What a world we live in. Funk is still relevant, especially apparent from Kendrick’s new album, but what about D’Angelo? I remember back in the day listening to him, grooving in my youth ages. My dad would play him when he would have his boys over for Madden. Blasting the Sony system through the prehistoric devices. Even though I was past the time for funk, I still appreciated the music and the feeling it gave me. Every muscle in tune with the beat. Every heart beat pleading for the funk to rise in my soul as it grasped my emotions, to relive the music of the 1990’s and respect it for every penny it was worth. His voice speaking volumes…”How does it feeeeeel?” So discrete. So passionate.
While his legacy lives, the problem of racism still lives on today and what a shame. To think music and so many others that died for this cause, pushed for better lives for us. What a shame and better yet how selfish of us …
With another album in 2014 by D’Angelo, “Black Messiah” we still struggle to accept. We hesitate to avoid our past and hurt people that are very similar to us despite our skin color and comeuppance.
When will we learn?
The Delete Bin portrays the sad truth about society and the aging of our knowledge over time becoming obsolete due to blindness and complete ignorance. Not just in the black community, but even how we perceive Muslims, Asians, Hispanics and Indians. People who are not guaranteed the American dream because of the color of their skin and from where they’re from.
Yet, even if it was current events that sparked the expedient release of this long-awaited record, the sad fact is that these issues seem to be the same as they’ve been for decades. They are at least as current as the many strains of classic American music referenced on this song, and on the rest of the album. Even if the release of this record, or any record, doesn’t solve the problems that those specific events of 2014 have made more visible for so many, what it does do is frame the artistry of those coming out of various black communities all over the United States, where lives seem so cheap and insignificant to so many who hold positions of power. In many instances, songs on the record evoke soundbites that communicate an important sense of rage around all of this, designed to help continue vital conversations happening in disenfranchised black communities all over the nation.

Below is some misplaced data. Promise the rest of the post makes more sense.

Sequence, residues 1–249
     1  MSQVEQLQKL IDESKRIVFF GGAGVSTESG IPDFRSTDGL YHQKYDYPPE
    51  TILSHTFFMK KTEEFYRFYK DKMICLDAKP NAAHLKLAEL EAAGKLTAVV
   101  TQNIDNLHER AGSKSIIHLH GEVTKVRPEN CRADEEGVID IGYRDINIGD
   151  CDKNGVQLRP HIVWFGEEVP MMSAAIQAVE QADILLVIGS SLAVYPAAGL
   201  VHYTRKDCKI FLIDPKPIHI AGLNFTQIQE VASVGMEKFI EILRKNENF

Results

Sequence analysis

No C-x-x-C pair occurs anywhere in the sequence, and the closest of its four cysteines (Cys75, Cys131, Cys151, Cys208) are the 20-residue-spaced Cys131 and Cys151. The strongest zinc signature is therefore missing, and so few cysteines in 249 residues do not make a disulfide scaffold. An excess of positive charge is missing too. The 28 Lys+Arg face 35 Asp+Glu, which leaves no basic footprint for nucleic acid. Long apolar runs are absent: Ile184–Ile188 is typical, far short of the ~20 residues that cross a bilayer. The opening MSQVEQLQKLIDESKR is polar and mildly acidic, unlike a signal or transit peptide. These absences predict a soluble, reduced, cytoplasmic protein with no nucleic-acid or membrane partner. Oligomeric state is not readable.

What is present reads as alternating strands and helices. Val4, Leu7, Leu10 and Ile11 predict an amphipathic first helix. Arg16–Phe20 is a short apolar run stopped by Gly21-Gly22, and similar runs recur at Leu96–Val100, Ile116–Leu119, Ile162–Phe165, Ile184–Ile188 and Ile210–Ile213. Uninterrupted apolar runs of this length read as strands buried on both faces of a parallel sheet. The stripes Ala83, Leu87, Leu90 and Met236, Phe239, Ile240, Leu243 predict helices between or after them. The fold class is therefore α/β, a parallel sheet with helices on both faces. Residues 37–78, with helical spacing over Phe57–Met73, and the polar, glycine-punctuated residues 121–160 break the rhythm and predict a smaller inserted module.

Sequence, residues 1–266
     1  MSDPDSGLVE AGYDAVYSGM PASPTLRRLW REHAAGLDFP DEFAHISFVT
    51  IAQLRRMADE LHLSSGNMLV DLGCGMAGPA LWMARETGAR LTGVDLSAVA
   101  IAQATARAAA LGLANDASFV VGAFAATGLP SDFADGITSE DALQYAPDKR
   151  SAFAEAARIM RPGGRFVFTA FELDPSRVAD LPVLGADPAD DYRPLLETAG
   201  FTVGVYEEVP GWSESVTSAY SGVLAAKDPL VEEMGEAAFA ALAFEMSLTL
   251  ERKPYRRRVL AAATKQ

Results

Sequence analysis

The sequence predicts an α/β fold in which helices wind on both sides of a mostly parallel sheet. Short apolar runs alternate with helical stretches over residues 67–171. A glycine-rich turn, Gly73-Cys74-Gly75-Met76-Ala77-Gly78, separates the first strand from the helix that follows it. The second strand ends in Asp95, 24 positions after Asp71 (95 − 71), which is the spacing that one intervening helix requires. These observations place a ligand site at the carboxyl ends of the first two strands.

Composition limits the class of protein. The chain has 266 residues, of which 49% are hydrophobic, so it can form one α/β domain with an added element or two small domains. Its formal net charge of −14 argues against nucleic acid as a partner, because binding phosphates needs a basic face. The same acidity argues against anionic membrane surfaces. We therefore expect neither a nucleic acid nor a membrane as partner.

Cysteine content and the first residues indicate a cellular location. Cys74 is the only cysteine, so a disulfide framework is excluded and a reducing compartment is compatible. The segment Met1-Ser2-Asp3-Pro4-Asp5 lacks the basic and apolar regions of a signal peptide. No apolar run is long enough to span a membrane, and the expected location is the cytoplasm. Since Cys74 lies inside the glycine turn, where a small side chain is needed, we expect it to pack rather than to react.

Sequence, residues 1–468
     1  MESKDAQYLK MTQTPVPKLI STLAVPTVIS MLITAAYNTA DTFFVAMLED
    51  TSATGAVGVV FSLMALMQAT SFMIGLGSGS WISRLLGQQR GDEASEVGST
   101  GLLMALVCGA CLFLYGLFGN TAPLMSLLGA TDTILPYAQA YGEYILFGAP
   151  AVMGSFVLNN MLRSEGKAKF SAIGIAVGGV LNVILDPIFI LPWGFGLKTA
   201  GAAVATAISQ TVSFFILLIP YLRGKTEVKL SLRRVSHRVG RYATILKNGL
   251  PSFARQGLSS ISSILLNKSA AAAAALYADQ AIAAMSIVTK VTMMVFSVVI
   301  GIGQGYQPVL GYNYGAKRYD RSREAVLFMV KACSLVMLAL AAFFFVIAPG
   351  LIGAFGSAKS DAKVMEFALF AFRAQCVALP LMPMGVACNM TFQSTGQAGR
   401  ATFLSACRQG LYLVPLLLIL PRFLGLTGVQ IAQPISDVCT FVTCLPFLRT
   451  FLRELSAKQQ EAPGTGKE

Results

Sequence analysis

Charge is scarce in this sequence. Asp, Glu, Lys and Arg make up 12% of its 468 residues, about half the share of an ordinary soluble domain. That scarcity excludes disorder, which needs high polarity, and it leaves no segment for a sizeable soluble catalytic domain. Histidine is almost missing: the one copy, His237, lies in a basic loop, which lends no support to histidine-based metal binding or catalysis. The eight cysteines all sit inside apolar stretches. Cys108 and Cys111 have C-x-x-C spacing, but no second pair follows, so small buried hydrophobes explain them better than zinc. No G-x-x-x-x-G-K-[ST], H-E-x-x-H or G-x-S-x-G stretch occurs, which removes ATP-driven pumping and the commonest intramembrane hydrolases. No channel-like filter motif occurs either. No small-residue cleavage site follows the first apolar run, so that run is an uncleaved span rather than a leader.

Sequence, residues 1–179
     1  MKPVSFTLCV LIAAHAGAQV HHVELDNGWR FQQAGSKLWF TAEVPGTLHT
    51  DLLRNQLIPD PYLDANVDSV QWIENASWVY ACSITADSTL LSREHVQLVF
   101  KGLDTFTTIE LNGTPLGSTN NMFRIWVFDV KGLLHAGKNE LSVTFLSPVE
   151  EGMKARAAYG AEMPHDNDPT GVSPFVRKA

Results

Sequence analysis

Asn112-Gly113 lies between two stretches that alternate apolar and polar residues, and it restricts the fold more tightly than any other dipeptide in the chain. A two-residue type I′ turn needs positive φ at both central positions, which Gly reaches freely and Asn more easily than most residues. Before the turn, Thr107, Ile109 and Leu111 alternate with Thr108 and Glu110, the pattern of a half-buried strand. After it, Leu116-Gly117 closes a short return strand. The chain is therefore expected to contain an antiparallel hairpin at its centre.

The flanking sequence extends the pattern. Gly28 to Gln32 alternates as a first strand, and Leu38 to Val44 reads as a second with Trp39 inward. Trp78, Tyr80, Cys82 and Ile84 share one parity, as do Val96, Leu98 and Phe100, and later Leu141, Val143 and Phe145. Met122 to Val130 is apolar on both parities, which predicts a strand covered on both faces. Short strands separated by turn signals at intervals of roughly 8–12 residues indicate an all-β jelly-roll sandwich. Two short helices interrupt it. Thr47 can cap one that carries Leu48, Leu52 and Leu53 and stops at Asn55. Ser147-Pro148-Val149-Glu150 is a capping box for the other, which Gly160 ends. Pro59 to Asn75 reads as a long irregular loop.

What can we do to work on these issues and can we find a balance in power? Can music exceed these boundaries that deny human rights day-to-day? I raise you these questions to change the world. Probably not tonight, or this morning. But maybe by the individual.
Let us be the change in the world that we see today. God Bless.